Proceedings PaperCharacteristic Vertical Patterns Of Particles, Oxygen, And Chlorophyll Pigments In The North Pacific Gyre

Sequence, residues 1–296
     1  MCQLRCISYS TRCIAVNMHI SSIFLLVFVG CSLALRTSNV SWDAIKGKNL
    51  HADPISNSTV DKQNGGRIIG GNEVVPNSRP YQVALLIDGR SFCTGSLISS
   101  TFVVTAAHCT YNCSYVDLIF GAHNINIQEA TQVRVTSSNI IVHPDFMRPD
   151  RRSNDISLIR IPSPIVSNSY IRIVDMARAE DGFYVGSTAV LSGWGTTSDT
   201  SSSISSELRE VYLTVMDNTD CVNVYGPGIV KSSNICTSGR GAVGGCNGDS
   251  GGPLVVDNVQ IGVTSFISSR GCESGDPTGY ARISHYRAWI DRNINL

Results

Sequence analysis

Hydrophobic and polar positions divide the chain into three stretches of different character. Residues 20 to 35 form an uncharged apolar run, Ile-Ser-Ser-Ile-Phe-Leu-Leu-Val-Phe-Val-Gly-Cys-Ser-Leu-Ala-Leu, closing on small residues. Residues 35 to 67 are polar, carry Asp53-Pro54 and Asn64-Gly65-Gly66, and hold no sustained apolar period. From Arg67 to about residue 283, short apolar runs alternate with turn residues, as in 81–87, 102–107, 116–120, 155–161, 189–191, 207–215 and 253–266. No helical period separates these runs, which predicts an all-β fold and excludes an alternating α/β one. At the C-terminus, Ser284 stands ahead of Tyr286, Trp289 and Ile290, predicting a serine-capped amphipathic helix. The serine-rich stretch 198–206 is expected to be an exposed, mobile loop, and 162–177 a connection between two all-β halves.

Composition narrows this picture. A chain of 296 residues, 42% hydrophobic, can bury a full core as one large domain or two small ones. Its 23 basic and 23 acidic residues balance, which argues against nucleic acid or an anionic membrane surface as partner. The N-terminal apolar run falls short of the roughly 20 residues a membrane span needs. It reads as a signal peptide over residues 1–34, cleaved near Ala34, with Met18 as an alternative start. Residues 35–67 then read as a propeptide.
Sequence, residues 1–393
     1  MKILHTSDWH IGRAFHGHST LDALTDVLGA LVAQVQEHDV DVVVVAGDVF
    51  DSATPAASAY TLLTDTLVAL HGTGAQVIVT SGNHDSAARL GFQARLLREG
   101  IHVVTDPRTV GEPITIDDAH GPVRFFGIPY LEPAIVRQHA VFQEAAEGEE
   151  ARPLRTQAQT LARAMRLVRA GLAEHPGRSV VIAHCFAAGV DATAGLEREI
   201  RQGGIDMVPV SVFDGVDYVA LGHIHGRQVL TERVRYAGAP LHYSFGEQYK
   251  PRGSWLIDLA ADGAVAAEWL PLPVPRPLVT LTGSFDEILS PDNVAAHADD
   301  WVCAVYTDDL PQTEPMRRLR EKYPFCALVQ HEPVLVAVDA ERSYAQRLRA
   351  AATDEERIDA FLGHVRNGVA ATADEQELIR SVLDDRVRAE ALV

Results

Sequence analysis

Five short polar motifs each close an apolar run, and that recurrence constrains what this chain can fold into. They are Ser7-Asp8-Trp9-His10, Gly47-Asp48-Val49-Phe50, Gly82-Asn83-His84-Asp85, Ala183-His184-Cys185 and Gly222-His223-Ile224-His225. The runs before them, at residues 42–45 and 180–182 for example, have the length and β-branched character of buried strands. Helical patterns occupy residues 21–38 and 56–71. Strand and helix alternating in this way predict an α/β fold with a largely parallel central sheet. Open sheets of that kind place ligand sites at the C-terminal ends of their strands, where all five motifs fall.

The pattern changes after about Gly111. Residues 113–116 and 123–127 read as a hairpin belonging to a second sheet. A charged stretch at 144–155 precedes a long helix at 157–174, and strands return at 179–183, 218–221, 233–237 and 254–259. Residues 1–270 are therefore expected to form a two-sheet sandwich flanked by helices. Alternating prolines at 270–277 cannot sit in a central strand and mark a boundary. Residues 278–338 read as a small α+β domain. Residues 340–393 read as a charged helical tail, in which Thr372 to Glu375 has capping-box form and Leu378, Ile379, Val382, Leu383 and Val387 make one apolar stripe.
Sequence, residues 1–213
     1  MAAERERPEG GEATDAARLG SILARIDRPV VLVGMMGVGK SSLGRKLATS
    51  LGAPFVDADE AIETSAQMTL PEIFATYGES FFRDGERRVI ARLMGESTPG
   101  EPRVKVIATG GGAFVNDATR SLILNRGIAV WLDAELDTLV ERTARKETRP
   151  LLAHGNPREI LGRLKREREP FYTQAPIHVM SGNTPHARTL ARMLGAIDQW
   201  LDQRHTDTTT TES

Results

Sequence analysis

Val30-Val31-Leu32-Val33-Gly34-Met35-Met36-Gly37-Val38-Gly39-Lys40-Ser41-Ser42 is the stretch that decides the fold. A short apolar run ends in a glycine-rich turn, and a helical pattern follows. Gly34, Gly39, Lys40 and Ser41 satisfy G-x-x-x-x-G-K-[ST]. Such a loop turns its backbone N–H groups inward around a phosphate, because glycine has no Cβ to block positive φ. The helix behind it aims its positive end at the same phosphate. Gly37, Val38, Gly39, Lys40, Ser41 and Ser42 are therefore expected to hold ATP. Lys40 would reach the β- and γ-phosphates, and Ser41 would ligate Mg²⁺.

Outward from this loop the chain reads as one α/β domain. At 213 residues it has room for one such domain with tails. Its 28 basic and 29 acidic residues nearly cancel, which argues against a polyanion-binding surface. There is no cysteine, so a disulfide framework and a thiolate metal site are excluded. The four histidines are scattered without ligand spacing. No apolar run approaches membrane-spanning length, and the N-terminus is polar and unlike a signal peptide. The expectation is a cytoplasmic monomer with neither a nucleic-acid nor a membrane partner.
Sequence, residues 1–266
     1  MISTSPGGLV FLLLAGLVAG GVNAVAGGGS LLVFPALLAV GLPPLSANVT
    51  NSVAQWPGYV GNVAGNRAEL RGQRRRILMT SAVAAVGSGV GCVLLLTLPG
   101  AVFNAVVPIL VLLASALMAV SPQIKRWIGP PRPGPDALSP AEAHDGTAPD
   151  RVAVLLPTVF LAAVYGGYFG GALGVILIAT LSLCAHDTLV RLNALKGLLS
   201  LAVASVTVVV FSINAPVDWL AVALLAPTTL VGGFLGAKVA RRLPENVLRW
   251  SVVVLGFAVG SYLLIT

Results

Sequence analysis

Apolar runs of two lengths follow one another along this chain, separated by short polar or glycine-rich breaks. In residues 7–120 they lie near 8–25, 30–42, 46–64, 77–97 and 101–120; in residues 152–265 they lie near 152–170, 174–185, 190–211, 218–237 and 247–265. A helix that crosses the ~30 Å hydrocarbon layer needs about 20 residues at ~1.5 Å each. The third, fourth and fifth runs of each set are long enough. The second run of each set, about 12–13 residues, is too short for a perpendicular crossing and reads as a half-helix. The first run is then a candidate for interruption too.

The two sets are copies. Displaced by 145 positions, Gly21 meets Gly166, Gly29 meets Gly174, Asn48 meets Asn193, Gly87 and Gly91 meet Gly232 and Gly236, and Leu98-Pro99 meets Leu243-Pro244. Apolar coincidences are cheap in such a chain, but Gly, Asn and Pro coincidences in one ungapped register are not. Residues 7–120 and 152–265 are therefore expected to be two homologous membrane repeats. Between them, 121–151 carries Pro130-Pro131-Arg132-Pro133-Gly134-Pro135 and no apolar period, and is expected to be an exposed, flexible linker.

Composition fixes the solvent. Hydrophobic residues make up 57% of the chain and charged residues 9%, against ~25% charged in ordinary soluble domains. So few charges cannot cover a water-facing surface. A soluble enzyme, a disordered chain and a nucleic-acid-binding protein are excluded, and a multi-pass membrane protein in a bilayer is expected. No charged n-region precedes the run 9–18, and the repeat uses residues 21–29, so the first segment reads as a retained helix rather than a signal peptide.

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Characteristic vertical patterns of suspended particles, dissolved oxygen, and chlorophyll pigments in the North Pacific Gyre indicate that particle and oxygen maxima are found together in the upper part of the seasonal thermocline. The chlorophyll maximum is typically found 30 to 50 m below the particle maximum. The depth of the particle and oxygen maxima respond closely to changes in the mixed layer depth, but the chlorophyll maximum does not. The chlorophyll maximum is not only separated from the oxygen and particle maxima, but it is also little affected by changes in the surface mixed layer, suggesting that the chlorophyll maximum has its own origin different from that of the particle and oxygen maxima. Profiles of dissolved oxygen show that the high oxygen concentration layer extends to approximately 400 m, well below the euphotic zone, which points out that the primary source of the oxygen in this layer is the surface waters sunk in the high latitude Pacific and spread out in the gyre. Photosynthetical production of oxygen would be added on to the already oxygen rich water, but its net contribution appears relatively small since the oxygen concentration in the euphotic zone is not significantly higher than in the water below. Such a secondary role of the photosynthetic production of oxygen is also supported by the nutrient profiles; nutrient concentrations are uniformly low in the surface water down to the nutracline at approximately 120 m allowing only a low photosynthesis rate. The most significant change in the vertical pattern of beam attenuation coefficients is expected from the seasonal progress in the mixed layer since the attenuation maximum and the mixed layer are related.